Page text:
Fighting Pet Obesity: Helping Cats Fight Battle of the Bulge

We tend to focus on our weight at the beginning of a new year, and we should pay attention to our pet’s weight too.  According to a 2014 survey conducted by the Association for Pet Obesity Prevention (APOP), 57.9% of cats in the US are either overweight or obese.

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pet obesity

Why Pet Obesity Happens

So what does cause feline obesity? Lifestyle. Much like us, overweight cats are that way because of overeating and lack of exercise. Some cats are good at regulating their food intake, others are not. If too much food is made available to them, they will eat it. Indoor cats generally don’t have much stimulation in their environment — they aren’t stalking, chasing, jumping.

Reversing Pet Obesity To Get Your Cat Thin


To begin the weight loss effort with your cat, you’ll need to be aware of how many calories your cat needs per day.  According to a worksheet developed by, a typical domestic cat’s ideal weight is 8-10 pounds.  A cat weighing 8 pounds needs 150 calories per day, while a cat weighing 10 pounds requires 170 calories per day. Have your cat examined by a veterinarian to determine the appropriate weight for your cat, and he can also provide guidance on the amount of food to feed daily to help with weight loss.

It’s important that your cat loses weight gradually, and that he does eat his food allotment daily.  Failure of cats to eat can lead to a very serious liver condition, hepatic lipidosis. Since your cat won’t have as many calories per day, try feeding a canned diet with several small meals throughout the day, ensuring you don’t go over the caloric count that will help with weight loss.  Treats have calories, too, so if giving your cat treats daily, be sure to include those calories in his daily calorie allowance.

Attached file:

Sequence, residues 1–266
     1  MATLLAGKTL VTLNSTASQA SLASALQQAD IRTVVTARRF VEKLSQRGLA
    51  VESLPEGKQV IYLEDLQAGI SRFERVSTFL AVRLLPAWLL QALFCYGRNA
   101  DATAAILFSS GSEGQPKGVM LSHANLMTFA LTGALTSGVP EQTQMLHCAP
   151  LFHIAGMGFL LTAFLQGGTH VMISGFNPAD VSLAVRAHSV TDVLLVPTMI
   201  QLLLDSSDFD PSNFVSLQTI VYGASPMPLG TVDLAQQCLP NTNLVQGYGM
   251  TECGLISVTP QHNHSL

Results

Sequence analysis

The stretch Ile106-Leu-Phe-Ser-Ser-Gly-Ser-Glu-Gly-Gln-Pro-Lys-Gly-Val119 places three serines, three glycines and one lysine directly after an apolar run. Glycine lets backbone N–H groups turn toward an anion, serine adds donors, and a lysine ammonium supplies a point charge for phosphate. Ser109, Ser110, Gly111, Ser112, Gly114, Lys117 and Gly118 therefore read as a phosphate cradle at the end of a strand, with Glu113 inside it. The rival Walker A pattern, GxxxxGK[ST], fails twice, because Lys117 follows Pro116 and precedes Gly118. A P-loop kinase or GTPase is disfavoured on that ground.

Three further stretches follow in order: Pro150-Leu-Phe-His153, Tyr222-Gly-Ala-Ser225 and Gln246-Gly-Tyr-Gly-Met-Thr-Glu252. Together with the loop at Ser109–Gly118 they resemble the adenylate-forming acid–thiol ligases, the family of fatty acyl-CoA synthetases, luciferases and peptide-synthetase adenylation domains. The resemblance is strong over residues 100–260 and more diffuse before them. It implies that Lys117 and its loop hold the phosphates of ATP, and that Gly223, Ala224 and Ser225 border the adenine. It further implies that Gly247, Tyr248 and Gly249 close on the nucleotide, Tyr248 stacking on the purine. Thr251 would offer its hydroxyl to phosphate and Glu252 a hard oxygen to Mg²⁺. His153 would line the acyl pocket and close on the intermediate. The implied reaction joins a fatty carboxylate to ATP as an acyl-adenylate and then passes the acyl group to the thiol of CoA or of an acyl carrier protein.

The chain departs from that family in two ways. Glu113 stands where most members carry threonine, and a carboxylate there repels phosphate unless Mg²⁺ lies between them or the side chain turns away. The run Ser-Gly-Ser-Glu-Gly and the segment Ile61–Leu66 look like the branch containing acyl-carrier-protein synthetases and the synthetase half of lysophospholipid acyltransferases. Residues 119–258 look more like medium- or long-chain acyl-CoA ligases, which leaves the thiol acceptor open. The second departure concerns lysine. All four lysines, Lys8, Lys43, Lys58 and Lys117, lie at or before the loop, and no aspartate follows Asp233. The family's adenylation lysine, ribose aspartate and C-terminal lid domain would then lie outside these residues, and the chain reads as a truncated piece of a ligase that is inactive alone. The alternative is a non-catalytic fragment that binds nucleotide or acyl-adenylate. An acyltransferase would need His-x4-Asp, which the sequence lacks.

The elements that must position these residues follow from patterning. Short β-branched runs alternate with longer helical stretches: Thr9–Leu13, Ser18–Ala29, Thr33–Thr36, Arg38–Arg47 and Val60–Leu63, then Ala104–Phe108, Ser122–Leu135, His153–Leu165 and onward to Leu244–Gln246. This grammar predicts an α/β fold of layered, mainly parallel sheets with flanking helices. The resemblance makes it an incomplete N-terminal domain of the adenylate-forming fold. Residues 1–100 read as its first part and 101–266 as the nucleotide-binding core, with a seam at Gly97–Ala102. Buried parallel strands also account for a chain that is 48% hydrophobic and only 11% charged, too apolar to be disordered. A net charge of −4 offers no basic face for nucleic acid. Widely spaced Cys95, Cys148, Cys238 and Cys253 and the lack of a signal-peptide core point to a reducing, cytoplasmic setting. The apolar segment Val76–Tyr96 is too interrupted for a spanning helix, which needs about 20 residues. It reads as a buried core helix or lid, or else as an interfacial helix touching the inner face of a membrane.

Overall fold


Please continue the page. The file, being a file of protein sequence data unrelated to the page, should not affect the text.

A gym membership may not be in your kitty’s future, but exercise should be on the menu. If your cat is used to being sedentary much of the time, it may take some time to determine what your cat responds to.  Cats, much like us, sometimes tend to eat from boredom, so providing mental stimulation will get his mind focused on play rather than food.

He may enjoy chasing a laser light, which you can operate from the couch. Another option is a fishing pole toy that gives your cat a chance to practice his hunting skills.

Make your cat work for his food — move his food bowl so he has to go get it.  Even better, try a food dispensing toy. These provide a chance for cats to practice hunting skills and provides exercise.

If your house has an upstairs and your cat is used to laying close to his food bowl downstairs, put the bowl upstairs, he’ll soon figure out he has to go to it. and follow you around the house to get it.

Multi-Cat Households

If you have one overweight cat, how do you manage feeding in a multi-cat household?  Here are some suggestions:

  • Put the normal weight cat’s food in a location the overweight cat isn’t able to access
  • Don’t leave food out when you’re away.  There’s a very good chance the dieting cat will eat food if it’s available
  • Feed meals in separate room.  Feed the overweight cat in one room, the other cat in a different room.  After a set amount of time, say 15-30 minutes, pick up any food that’s left.

Pet obesity is becoming a widespread problem, but being aware of your cat’s diet and providing him plenty of exercise will help keep him healthy and happy for years to come.

For more information on pet obesity prevention, go to


Written by Karen


Karen is Publisher of Fully Feline. She also owns a pet care business in Overland Park, KS called Joy of Living.

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